Does the PM have other options? While the Fixed Term Parliaments Act requires a two-thirds majority to sanction an early election, it is not impossible for a government to get round this requirement. It could be achieved by introducing a very short law that calls for an election and adds "notwithstanding the Fixed Term Parliaments Act".
    UK general elections are normally held on a Thursday The advantage of this route, from the government's point of view, is that it would only require a simple majority of MPs to support it (more voting for than against) rather than two-thirds. It would also allow an election date to be set in stone, which might make some MPs more likely to vote for it - although there is no guarantee the government would win. However, this route would take longer. The proposed law would need to clear the House of Lords, as well as the House of Commons. Given that Parliament is due to prorogue (or shut down) this week, getting the legislation passed would be a race against time. There is also a risk that the legislation could be amended - allowing pro-Remain MPs to make changes, such as forcing a further Brexit extension.The government could also ask the Queen to end prorogation early and hold a vote as soon as MPs come back, although this seems unlikely.
    There is a third, extremely high-risk option. If the government was absolutely determined to hold an early election it could, in theory, call a vote of no confidence in itself. If it chose to do this, MPs would have to decide whether they want the current government to continue. If such a vote passes, opposition parties would be allowed two weeks to come together to try to form an alternative government. If this happened, Mr Johnson would be expected to resign and a new prime minister could request a further Brexit delay to prevent a no-deal outcome.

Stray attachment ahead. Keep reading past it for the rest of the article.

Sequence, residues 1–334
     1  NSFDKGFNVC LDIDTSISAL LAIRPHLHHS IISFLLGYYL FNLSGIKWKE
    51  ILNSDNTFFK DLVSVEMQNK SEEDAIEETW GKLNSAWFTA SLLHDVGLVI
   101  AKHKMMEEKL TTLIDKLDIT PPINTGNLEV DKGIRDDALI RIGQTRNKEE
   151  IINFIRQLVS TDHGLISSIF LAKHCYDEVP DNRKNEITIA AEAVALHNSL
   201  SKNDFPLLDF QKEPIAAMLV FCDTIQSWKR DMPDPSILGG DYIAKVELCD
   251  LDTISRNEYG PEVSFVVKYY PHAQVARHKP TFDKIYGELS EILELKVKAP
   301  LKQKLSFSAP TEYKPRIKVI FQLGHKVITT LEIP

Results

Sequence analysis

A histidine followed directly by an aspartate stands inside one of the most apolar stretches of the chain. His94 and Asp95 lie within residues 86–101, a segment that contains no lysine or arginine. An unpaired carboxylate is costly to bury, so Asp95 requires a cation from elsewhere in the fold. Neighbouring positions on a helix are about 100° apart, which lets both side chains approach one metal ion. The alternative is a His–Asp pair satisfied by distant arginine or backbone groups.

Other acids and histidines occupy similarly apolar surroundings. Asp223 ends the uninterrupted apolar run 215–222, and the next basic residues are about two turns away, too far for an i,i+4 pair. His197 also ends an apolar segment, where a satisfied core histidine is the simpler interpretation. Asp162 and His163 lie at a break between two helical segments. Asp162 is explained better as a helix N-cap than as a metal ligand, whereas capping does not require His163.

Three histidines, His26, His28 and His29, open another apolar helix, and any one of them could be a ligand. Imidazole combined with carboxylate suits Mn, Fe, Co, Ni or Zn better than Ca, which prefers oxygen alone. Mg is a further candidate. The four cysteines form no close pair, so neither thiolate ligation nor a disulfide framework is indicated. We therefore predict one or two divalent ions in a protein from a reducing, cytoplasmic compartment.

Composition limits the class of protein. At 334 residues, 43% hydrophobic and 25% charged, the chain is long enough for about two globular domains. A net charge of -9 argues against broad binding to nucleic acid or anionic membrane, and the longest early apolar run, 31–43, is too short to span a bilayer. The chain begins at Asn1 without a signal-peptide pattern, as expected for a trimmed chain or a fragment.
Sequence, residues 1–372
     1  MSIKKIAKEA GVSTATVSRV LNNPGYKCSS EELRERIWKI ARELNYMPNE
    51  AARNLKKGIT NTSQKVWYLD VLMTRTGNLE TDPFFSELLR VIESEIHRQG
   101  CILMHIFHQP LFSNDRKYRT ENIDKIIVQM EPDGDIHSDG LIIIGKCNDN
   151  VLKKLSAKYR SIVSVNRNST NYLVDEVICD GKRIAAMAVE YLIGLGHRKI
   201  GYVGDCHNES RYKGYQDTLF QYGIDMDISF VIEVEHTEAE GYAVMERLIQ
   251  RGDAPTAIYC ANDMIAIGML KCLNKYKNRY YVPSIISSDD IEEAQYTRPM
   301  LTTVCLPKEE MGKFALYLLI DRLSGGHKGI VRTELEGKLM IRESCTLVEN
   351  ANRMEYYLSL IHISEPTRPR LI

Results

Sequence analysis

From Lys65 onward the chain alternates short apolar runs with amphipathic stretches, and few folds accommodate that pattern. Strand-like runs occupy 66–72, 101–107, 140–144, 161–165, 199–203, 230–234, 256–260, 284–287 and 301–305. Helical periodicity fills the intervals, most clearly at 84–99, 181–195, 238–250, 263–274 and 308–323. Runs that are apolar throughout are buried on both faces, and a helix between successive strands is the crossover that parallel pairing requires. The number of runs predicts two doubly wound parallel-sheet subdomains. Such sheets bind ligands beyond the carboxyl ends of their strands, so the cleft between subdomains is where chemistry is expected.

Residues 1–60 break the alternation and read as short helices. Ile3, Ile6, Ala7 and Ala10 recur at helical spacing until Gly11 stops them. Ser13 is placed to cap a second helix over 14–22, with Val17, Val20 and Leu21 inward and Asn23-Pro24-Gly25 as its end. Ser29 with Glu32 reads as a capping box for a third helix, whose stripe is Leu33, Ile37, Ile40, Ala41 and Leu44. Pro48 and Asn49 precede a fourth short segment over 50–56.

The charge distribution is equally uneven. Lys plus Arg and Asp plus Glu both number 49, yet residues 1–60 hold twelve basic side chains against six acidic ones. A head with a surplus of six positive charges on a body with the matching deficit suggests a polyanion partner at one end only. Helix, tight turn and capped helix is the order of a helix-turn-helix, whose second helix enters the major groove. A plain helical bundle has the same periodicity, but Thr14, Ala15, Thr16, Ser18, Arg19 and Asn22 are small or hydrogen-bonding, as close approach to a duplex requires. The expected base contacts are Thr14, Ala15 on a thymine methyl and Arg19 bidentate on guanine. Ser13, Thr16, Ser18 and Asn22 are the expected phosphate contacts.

But, if nothing is resolved after 14 days, a general election is automatically triggered. However, this would be a high stakes strategy, as it completely relies on opposition parties failing to form an alternative government. Catherine Haddon, from the Institute for Government think tank, says the chances of the government calling such a vote are "extremely unlikely". "From a political point of view, calling a vote of no confidence in yourself would look mad," she says.